The Second World War caused a great mixing in our population. Millions of men and women moved all around the country during the war. Most had never traveled very far from home.  They were exposed to different cultures, different scenery and different climates. My mother told of eating Italian food for the first time while renting rooms from an Italian family in Florida. My father-in-law saw the ocean for the first time when he sailed across the Atlantic to fight in Europe. Raised in New England, Frank Towers trained in the humid heat of Camp Blanding, Florida. They had so many unique experiences.

During World War II, many young Americans found love in unexpected places. Just imagine all the different “meet cute” scenes.

 

Posted in Old Movies, WWII

The Best Years of Our Lives – The Movie

One of my favorite movies is “The Best Years of Our Lives.” Released in 1946, it’s not about the fighting during World War II. Instead the movie tells the story of three servicemen returning to their hometown after the war. The three main characters are very different yet their journey home together forms a bond between them.

Captain Fred Derry, played by Dana Andrews, was a poor kid who worked as a soda jerk before the war. In the Army Air Corp he rose to the rank of Captain and served as a bombardier on a B-17. While in uniform, he married a pretty blonde (Virginia Mayo) who went to work in a night club after he left and had a high old time while he was away. She still wants to party with her handsome, uniformed soldier while Fred wants to settle down and find a job. Unfortunately he’s not qualified for most civilian positions and can’t compete in a market flooded with returning GI’s.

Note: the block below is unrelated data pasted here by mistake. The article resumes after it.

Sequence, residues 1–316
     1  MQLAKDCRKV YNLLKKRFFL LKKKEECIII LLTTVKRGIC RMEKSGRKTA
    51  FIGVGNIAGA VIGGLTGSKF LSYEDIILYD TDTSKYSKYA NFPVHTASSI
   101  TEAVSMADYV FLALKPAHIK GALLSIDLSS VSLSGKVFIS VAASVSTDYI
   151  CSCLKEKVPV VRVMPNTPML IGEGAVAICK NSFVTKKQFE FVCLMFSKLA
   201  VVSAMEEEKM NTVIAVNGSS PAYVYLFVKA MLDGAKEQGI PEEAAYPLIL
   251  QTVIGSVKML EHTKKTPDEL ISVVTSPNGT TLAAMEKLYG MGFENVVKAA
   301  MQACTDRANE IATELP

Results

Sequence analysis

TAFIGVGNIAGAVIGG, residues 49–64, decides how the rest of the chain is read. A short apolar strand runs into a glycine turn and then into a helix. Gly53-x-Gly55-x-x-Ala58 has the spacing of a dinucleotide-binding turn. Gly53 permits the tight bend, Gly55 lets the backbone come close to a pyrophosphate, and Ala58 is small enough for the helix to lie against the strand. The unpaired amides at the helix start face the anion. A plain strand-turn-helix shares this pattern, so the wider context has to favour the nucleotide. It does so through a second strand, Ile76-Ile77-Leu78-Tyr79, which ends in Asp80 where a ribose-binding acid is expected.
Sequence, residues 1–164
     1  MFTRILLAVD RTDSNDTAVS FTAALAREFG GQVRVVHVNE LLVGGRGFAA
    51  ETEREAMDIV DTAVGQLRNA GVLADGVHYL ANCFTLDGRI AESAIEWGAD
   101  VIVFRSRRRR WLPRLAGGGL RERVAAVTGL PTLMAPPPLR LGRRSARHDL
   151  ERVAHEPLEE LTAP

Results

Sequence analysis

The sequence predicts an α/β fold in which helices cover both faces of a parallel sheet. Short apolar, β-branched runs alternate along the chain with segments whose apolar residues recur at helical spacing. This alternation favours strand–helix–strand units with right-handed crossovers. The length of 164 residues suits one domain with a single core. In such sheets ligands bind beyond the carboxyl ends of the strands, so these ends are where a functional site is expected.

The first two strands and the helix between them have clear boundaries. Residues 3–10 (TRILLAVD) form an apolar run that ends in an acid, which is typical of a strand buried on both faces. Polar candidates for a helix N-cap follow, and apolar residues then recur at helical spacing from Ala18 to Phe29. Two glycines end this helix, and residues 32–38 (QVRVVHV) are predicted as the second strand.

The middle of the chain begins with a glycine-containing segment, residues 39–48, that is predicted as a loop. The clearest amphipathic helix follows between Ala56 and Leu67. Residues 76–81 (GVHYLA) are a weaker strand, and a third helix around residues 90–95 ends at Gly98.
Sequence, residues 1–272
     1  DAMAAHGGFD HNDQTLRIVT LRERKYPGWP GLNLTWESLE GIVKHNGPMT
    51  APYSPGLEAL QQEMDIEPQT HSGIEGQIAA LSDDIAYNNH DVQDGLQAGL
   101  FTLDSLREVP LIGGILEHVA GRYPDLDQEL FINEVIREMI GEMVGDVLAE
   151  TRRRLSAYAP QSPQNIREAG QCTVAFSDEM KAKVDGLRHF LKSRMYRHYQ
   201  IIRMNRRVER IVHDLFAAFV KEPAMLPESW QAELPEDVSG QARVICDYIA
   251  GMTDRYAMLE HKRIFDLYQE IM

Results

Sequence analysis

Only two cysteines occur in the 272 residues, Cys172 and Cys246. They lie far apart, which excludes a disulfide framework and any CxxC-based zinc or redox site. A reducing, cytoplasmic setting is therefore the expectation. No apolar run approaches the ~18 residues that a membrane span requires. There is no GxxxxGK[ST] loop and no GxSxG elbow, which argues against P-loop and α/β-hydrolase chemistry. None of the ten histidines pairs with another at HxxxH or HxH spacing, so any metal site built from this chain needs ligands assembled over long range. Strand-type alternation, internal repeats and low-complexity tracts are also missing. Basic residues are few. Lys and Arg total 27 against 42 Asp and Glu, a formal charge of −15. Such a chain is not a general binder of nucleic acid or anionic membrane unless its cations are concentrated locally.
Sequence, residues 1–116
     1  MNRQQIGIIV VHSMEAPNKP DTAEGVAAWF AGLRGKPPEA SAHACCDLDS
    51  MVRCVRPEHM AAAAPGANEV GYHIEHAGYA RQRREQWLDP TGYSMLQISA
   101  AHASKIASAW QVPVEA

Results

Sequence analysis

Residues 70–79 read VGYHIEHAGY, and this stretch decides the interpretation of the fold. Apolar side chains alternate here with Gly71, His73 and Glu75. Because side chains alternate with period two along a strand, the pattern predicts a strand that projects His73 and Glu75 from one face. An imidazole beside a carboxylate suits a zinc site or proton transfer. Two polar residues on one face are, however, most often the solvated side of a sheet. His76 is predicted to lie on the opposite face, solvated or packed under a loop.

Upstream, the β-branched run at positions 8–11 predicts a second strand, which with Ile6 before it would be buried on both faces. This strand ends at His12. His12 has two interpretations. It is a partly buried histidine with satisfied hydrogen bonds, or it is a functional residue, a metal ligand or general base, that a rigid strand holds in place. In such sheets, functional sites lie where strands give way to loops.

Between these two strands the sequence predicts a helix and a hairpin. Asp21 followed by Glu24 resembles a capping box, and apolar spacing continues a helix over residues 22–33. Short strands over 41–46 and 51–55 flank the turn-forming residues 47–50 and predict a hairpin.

Sergeant Al Stephenson, played by Fredric March, was an up-and-coming banker until Uncle Sam put him in the Army. When her returns he barely knows his wife (Myrna Loy), his grown-up daughter (Teresa Wright) and his teenage son. The children have grown up while he was gone. He reluctantly returns to the bank with a new attitude about what is important.

The third serviceman is the young sailor Homer Parrish, played by real injured veteran Harold Russell. Homer, who had been a high school football player, lost his hands in a naval battle. He has learned to use the hooks the Navy gave him and dislikes being treated like an invalid. The pretty girl-next-door waited for him and still wants to marry him but Homer doesn’t want to burden her with his disability. Hoagy Carmichael, as Homer’s Uncle Butch, adds color to the story by playing piano in his bar where the three men meet up.

The movie trailer for “The Best Days of Our Lives” bills it as full of romance. There’s Homer and his girlfriend who resolve their differences and get married. The middle-aged couple, Al and Milly, become reacquainted and fall in love all over again. And the main romance between Fred and Al’s daughter, Peggy. Attracted to Fred, she sees that his wife doesn’t really care about him, so she decides to break up the marriage. Fred finally sees his wife for the gold digger she is. He cares for Peggy but without a job he has nothing to offer her. But don’t worry, there is a happy ending for Fred and Peggy, too. You’ll have to watch the movie for the tear-jerker ending.

One of the most visually impressive scenes in the movie shows acres and acres of airplanes, both bombers and fighters, waiting to be demolished and recycled. The sweeping scene is like viewing a vast military cemetery and remembering the former glory of those buried there. All my research on the 8th Air Force makes this an emotional scene for me.